The focus of diagnostics is shifting from CT to MRT because the soft structures are more clearly depicted by the MRT. An MRI can give a good picture of a plexus papilloma. The tissue of the tumor stands out as a homogeneous mass with a cauliflower-like structure. An analysis of the cerebrospinal fluid can provide information about whether there is an inflammation of the nerves that led to the symptoms.
A biopsy with a subsequent subtle examination can provide final certainty as to whether the tumor is benign or malignant. Ultimately, the only effective treatment option is the complete surgical removal of the tumor.
In the plexus papilloma, complications usually only arise if the disease is left untreated. In this case, self-healing does not occur, so that surgical removal of the tumor is necessary. If the tumor is not removed, high pressure in the brain can result and the various brain areas fail. This means that those affected usually suffer from paralysis and other motor disorders.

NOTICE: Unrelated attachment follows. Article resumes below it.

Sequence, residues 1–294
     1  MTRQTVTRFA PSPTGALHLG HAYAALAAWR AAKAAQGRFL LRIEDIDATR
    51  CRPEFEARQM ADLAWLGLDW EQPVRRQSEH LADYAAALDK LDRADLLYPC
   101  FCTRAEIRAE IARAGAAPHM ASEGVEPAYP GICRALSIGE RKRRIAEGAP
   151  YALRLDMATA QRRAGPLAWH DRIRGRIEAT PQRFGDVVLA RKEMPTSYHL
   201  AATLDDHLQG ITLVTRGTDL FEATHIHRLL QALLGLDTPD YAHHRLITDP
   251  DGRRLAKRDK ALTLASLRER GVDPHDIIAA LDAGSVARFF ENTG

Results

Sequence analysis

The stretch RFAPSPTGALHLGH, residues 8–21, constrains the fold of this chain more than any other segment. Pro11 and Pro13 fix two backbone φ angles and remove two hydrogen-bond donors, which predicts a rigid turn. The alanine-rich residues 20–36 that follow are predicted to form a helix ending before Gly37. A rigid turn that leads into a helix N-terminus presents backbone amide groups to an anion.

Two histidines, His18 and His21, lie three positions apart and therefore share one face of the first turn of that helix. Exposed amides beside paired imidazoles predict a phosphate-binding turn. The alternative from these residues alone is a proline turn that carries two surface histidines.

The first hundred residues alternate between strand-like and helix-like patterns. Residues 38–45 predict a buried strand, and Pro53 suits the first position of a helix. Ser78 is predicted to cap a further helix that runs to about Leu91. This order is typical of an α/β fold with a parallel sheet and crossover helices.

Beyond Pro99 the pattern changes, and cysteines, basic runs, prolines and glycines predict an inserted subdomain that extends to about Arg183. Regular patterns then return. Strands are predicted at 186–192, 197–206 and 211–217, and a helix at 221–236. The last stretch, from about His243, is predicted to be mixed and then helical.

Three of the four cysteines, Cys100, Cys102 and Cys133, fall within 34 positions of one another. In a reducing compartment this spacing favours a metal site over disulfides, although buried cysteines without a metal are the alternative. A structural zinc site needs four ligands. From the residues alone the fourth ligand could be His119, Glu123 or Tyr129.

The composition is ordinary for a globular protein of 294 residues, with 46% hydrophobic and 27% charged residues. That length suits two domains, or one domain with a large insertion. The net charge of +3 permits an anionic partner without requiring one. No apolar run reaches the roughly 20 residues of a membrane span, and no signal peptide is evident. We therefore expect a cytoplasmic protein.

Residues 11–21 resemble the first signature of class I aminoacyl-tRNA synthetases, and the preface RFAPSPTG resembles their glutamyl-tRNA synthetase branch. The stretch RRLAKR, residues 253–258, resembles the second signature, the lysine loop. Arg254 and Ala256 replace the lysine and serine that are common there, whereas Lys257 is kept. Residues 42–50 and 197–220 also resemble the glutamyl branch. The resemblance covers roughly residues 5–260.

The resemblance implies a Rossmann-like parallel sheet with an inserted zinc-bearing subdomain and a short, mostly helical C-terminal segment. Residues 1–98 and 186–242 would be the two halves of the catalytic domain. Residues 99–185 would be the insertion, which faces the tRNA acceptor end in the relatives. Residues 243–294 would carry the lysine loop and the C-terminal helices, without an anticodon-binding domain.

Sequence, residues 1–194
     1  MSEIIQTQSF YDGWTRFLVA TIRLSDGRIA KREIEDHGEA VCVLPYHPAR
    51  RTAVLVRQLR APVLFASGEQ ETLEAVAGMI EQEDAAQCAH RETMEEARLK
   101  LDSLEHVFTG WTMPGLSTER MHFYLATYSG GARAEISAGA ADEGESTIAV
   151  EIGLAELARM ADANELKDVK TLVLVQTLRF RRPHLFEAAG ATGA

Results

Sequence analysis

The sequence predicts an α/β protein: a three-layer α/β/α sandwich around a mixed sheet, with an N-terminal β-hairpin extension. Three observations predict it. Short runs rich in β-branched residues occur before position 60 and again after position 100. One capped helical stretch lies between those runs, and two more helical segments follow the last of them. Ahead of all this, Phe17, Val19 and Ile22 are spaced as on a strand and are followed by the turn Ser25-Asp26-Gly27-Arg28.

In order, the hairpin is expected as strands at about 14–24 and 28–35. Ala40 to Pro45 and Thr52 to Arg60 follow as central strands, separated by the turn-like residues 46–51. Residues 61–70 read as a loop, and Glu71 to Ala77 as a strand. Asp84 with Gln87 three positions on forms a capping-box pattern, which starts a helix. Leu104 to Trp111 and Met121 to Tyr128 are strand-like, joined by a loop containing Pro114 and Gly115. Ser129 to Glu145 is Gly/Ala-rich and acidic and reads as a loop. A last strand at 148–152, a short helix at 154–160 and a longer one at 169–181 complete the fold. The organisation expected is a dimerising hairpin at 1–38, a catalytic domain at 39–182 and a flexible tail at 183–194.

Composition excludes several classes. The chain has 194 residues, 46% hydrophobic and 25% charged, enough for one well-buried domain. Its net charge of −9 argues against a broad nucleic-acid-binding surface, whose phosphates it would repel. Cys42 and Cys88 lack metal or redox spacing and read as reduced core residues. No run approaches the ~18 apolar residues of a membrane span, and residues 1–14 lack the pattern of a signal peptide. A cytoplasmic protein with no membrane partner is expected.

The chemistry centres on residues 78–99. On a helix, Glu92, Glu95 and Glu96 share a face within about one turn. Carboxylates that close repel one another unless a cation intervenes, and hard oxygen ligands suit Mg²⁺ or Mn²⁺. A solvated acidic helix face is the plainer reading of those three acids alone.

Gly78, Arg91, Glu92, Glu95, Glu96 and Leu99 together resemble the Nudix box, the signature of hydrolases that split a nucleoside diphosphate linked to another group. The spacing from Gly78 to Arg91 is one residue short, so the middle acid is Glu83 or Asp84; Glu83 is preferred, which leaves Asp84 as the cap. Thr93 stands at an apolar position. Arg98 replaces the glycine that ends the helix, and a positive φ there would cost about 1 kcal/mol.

The high pressure in the brain also leads to severe headaches and not infrequently to vomiting and nausea. Those affected themselves also suffer from cramps and significantly increased irritability. A head of water can also form through the plexus papilloma if the water is not removed from the brain. Without treatment, the brain is irreversibly damaged by the plexus papilloma.
Treatment is usually not associated with any particular complications. The tumor can be removed by surgery. Usually there are no other complaints. Those affected may have to rely on radiation therapy after treatment. Successful treatment does not affect the patient's life expectancy.